History of the present illness

This is a 14-year-old white male who came to the Department of Oral Medicine of the University of Washington, School of Dentistry with a chief complaint of not being able to eat or drink because of generalized oral ulcers and sloughing epithelium that had been present for eight weeks. The ulcers started at the mucosal area of the lower inner lip (Figure 1) and later spread to his entire mouth except for the outer lips. This included the gingiva, bilateral buccal mucosae and vestibules (Figure 2), the floor of his mouth (Figure 3), the soft palate and throat (Figure 4), and inner lips. He was given a Benadryl and Maalox rinse as well as amoxicillin, to no effect. He was having difficulty eating and drinking and as a result lost 15 pounds. Extra-orally, he developed sores in his left eye which responded to eye drops and ointment, and later in his right eye which responded to anti-inflammatory ointment but recurred.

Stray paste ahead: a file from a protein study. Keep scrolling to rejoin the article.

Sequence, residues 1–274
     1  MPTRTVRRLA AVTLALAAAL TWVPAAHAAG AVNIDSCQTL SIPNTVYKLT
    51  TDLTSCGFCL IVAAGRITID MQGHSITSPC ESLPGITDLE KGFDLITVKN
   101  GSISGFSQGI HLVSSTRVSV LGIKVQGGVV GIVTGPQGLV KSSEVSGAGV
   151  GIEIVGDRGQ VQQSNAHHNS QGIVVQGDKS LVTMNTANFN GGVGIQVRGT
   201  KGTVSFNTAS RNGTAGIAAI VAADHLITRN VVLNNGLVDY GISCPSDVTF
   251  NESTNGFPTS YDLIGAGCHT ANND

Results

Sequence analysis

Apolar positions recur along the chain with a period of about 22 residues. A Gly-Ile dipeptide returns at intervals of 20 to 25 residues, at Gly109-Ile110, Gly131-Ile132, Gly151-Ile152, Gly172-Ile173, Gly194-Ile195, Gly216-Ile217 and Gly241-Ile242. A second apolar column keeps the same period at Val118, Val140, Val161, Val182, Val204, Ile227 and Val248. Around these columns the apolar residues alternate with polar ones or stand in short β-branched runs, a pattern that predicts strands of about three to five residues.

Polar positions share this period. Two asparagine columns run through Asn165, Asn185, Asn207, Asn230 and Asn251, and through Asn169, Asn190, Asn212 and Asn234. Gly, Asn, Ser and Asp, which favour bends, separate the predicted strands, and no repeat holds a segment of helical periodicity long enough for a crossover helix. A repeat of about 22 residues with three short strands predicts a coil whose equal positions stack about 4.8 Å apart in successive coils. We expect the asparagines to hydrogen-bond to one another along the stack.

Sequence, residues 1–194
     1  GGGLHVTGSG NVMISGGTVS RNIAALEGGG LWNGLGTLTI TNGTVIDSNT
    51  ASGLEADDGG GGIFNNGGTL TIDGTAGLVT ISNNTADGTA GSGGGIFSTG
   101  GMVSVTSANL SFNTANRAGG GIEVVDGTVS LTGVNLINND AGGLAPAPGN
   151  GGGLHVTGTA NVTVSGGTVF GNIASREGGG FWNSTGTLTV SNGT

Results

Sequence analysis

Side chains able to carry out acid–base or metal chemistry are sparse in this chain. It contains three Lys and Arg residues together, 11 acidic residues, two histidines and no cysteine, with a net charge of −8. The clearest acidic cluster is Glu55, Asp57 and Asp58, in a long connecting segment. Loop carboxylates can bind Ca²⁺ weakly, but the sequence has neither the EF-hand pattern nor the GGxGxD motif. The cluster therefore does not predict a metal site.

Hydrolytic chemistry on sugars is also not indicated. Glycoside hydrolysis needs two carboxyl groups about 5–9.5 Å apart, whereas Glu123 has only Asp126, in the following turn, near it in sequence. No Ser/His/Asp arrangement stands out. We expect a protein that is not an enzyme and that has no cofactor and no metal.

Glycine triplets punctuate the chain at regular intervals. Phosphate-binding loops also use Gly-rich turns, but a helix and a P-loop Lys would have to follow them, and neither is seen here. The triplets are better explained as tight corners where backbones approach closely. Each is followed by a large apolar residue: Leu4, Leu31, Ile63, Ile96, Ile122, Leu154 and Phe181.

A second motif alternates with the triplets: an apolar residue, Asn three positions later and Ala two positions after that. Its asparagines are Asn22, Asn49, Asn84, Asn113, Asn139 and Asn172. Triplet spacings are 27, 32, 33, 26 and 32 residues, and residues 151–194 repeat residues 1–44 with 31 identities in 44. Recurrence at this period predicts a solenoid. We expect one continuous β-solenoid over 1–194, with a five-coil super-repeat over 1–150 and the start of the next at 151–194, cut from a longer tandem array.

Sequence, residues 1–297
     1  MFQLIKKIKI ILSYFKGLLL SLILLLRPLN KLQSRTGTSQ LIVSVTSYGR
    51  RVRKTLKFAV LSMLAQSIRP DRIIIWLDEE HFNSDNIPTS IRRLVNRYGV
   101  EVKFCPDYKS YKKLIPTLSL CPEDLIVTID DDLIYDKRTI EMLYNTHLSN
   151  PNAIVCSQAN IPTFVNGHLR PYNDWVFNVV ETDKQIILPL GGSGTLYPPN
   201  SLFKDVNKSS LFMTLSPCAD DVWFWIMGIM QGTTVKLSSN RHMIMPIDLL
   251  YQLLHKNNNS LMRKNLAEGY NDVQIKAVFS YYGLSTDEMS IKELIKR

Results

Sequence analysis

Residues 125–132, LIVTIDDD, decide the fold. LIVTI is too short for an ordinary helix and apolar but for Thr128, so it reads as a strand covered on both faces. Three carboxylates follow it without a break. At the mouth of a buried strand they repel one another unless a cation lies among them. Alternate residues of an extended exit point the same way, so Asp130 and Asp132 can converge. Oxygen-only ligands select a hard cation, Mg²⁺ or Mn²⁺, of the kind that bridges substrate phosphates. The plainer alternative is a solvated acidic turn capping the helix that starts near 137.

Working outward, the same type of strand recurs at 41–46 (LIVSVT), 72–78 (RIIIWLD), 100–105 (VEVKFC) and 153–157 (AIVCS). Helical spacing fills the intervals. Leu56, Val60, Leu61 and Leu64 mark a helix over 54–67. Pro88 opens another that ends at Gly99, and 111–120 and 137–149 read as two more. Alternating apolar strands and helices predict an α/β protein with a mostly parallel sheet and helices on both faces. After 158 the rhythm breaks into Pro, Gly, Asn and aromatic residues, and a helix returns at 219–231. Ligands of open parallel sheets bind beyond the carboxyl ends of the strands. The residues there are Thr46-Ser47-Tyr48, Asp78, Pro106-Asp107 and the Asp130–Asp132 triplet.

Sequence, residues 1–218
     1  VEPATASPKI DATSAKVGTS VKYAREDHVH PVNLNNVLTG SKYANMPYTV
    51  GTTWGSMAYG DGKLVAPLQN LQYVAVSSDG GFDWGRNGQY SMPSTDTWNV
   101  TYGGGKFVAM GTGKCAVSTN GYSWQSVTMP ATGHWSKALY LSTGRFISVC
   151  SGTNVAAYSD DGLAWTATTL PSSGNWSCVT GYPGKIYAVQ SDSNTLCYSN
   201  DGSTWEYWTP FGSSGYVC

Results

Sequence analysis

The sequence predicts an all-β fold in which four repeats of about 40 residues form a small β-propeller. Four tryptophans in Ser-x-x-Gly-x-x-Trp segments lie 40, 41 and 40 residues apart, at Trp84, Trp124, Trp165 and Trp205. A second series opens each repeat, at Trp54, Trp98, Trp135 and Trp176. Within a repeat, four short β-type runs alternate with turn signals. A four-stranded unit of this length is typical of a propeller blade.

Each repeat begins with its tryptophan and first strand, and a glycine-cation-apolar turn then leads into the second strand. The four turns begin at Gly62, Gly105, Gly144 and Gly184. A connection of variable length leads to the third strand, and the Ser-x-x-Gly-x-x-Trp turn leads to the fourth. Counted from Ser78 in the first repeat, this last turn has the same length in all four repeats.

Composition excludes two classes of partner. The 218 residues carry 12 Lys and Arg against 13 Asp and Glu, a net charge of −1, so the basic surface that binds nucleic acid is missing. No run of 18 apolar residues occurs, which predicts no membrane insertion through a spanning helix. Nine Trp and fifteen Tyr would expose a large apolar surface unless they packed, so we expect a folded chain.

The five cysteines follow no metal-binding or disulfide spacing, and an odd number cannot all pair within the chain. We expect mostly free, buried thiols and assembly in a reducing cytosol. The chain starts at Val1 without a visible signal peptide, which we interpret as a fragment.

Figure 1 This is a clinical view of the lesions at the first week of January 2011 demonstrating generalized ulceration of the lower lip. The ulcers are superficial and irregular and are covered by pseudomembrane.

Figure 2 This is a clinical view of the lesions at the second week of January 2011 demonstrating generalized ulceration of the mandibular vestibule and buccal mucosa. Like the other areas of the mouth, the ulcers are superficial and irregular and are covered by pseudomembrane.

Figure 3 This is a clinical view of the lesions at the first week of January 2011 demonstrating generalized ulceration of the floor of mouth. Like the lower lip, the ulcers are superficial and irregular and are covered by pseudomembrane.

Figure 4 This is a clinical view of the lesions at the first week of January 2011 demonstrating generalized ulceration of the uvula and soft palate area. Like the other areas of the mouth, the ulcers are superficial and irregular and are covered by pseudomembrane.